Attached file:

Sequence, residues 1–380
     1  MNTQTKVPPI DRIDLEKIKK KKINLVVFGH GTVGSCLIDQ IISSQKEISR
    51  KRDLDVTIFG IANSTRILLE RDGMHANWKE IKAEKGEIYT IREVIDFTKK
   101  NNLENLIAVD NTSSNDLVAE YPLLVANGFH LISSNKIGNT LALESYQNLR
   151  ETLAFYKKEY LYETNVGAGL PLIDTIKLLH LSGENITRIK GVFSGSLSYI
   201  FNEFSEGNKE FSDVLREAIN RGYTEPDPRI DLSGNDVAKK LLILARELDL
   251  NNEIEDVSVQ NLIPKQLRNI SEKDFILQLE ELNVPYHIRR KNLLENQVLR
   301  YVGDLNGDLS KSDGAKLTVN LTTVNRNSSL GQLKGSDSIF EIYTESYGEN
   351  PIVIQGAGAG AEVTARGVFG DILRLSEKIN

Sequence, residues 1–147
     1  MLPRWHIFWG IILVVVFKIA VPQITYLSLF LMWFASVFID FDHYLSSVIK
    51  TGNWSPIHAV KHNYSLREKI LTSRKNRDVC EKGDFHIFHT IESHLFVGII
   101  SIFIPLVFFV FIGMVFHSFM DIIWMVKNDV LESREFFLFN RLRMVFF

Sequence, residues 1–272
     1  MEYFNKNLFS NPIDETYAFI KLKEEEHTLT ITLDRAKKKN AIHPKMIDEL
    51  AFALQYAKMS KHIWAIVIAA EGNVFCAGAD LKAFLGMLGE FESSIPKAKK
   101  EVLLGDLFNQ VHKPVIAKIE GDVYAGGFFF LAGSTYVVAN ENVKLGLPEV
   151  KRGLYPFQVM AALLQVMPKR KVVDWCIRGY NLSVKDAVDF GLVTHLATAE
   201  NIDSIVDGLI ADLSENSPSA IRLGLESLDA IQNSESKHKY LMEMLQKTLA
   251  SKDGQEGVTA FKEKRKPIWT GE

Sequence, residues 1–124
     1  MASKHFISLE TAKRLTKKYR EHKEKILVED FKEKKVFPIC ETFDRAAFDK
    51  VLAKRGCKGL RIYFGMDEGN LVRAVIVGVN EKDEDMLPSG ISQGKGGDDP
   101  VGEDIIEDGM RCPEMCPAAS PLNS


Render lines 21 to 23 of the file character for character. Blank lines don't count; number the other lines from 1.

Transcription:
Sequence, residues 1–124
     1  MASKHFISLE TAKRLTKKYR EHKEKILVED FKEKKVFPIC ETFDRAAFDK
    51  VLAKRGCKGL RIYFGMDEGN LVRAVIVGVN EKDEDMLPSG ISQGKGGDDP